In the book, Gardar discusses Bobby for the first time and offers a unique perspective on this controversial genius, a solitary man who avoided sharing his joys and sorrows with other people. Gardar’s writing not only provides a vivid portrait of what Bobby was really like, but also delves into the intellectual and emotional motivations that lay behind his words and deeds. The result is a detailed description of a man who has long been a mystery to the world.

Having helped Bobby to receive asylum in Iceland, Gardar finds himself becoming Bobby’s most intimate confidant in almost every aspect of the eleventh World Champion’s life. Gardar’s family apartment soon becomes Bobby’s second home, and Bobby turns to Gardar and his family with most matters. He travels with them in the countryside on numerous occasions. We experience Bobby’s joy over his newfound freedom in Iceland. With his friend he reminisces about memorable moments from his unusual life, from his bittersweet Brooklyn childhood to his exile from the United States. Their countless everyday interactions span a range of experiences, amusing and awkward, joyous and sorrowful.

The book presents a wider-ranging and more complex picture of Bobby than has previously been recorded. We meet a curious and passionate man with a range of interests and an unusual perspective on life. Apart from his opinions on current affairs, culture and history, art and religion, we are exposed to his rare but carefully considered perspective on life and death – convictions that no human power could shake. In the book we encounter Bobby Fischer as a sincere and generous friend, temperamental and witty, contemplative and shy. We meet Bobby the bookworm, the nature lover, the rebel and the mother’s boy. Last but not least, we encounter the great chess genius, become acquainted with his dramatic memories of his own career and his colorful reflections on other masters past and present.

In the latter half of the book, the narrative is increasingly dominated by the grave illness that overwhelmed Fischer in the final year of his life. Since he passed away, many hypotheses and assertions have been floated about this period, the time when he isolated himself almost completely from other people. Now his closest friend finally lifts the veil of secrecy and reveals what really happened and how Bobby responded to his agonizing fate. The book ends with a dramatic account of the circumstances that arose when Bobby passed away and the difficulties Gardar faced as he tried to organize his friend’s funeral in accordance with his wishes.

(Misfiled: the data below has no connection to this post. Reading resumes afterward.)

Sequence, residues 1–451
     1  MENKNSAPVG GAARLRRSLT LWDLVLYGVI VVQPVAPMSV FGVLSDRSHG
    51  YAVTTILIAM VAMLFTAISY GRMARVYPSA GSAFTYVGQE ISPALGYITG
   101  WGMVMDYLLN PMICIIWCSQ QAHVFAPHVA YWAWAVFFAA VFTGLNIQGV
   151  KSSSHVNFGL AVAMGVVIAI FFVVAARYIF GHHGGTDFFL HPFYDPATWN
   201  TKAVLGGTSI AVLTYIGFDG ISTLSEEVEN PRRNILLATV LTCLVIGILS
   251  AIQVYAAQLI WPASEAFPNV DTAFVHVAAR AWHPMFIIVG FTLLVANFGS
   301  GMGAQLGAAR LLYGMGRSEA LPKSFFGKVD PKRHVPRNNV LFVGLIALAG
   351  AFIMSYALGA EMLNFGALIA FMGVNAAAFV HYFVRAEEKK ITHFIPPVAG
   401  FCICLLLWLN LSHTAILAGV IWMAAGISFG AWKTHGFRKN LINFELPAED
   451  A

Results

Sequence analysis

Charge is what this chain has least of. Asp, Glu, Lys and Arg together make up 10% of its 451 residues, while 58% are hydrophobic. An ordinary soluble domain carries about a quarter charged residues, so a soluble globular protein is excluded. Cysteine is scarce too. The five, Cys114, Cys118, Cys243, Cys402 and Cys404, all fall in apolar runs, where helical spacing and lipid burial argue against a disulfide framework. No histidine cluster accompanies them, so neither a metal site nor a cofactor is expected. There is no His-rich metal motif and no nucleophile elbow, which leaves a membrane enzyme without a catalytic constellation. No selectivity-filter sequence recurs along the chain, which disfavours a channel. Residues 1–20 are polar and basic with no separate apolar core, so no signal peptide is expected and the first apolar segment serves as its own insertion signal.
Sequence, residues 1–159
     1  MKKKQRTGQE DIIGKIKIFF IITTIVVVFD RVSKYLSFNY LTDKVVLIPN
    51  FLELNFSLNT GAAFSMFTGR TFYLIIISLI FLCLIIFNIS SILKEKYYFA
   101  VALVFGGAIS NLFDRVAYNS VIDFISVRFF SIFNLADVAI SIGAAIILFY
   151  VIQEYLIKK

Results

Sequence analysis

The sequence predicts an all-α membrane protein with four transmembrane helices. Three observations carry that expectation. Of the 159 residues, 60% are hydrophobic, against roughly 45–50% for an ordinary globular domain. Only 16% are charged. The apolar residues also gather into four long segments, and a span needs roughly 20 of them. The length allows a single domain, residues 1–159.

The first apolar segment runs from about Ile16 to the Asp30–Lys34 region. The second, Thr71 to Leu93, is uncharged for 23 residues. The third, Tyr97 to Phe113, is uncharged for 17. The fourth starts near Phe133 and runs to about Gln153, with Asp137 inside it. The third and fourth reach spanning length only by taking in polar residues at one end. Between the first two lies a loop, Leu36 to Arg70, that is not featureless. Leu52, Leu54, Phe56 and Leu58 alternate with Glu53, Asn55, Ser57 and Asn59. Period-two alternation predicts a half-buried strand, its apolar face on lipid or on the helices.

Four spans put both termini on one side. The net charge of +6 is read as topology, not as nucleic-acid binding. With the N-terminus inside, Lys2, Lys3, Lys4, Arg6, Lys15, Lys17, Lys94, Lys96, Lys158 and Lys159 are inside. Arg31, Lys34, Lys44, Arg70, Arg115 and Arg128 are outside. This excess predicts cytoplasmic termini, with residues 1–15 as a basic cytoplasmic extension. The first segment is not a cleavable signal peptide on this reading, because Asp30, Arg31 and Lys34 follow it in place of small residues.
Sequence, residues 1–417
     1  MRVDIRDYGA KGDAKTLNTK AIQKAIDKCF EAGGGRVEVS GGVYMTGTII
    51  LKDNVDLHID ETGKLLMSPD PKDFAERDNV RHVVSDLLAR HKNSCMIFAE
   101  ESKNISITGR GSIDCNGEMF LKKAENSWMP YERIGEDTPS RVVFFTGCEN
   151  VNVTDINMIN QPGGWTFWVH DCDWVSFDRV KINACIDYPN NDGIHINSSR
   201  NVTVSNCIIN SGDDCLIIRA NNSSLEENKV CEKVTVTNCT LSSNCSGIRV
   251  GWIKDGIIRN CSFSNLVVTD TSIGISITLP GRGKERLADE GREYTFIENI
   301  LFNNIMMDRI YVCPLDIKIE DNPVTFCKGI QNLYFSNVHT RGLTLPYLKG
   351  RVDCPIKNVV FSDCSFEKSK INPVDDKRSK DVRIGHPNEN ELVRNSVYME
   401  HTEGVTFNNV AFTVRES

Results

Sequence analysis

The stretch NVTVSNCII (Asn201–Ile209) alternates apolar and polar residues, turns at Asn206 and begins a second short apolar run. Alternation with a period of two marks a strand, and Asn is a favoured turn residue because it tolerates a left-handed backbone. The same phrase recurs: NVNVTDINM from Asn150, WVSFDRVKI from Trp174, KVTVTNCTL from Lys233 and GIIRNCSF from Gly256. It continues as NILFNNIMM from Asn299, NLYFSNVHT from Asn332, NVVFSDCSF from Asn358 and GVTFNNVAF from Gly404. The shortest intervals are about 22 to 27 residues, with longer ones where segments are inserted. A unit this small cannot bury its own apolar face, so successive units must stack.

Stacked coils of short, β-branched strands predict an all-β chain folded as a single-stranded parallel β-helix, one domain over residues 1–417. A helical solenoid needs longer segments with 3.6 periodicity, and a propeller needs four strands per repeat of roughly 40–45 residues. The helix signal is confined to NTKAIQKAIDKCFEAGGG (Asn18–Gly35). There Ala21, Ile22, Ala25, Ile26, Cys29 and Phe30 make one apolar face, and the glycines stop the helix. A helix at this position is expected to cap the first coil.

You can order the book "Yfir farinn veg með Bobby Fischer" by Gardar Sverrison here.
Price: 5,999 ISK (= €42 or US $47). The book is is due to appear in English in the next year.
The publisher is not yet fixed. Interested parties should contact the Icelandic publisher Skrudda.

About the Author

Gardar Sverrisson (Icelandic: Garðar Sverrisson) was born in Reykjavík in 1959. He worked as a journalist from an early age, and his writings include two biographies, a novel and several short stories. One of his books has been published in Germany under the title Wohnt hier ein Isländer?

Gardar has been active in public life, serving as the general manager of a parliamentary group of socialdemocrats, a member of the board of the Icelandic Human Rights Centre and for many years as the president of the national coalition of people with disabilities in Iceland. He holds degrees in political science and economics from the University of Iceland and an MFA in creative writing and literature from the University of Arizona.

In 2004, Gardar was part of a group that pressed for Bobby Fischer to be released from detention in Japan and granted asylum in Iceland.

Editor-in-Chief emeritus of the ChessBase News page. Studied Philosophy and Linguistics at the University of Hamburg and Oxford, graduating with a thesis on speech act theory and moral language. He started a university career but switched to science journalism, producing documentaries for German TV. In 1986 he co-founded ChessBase.